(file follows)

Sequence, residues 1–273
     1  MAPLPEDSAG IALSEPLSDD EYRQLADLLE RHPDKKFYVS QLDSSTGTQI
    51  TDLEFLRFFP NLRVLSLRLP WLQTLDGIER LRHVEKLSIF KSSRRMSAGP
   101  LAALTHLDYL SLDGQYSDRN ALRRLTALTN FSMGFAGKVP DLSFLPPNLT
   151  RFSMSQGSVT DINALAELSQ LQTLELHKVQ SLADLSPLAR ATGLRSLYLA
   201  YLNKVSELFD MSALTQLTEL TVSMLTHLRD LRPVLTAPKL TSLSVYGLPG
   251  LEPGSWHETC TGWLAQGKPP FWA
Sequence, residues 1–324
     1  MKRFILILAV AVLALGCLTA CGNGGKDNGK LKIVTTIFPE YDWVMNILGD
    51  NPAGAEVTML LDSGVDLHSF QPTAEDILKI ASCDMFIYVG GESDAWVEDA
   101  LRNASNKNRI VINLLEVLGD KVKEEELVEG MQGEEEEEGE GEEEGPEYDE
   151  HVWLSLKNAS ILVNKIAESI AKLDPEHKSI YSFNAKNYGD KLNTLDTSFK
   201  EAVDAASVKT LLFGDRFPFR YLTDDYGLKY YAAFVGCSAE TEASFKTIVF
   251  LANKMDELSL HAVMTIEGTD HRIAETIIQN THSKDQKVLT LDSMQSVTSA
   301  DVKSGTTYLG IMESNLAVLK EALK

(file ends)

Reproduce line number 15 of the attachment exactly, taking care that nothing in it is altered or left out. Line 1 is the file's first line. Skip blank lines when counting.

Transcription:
   301  DVKSGTTYLG IMESNLAVLK EALK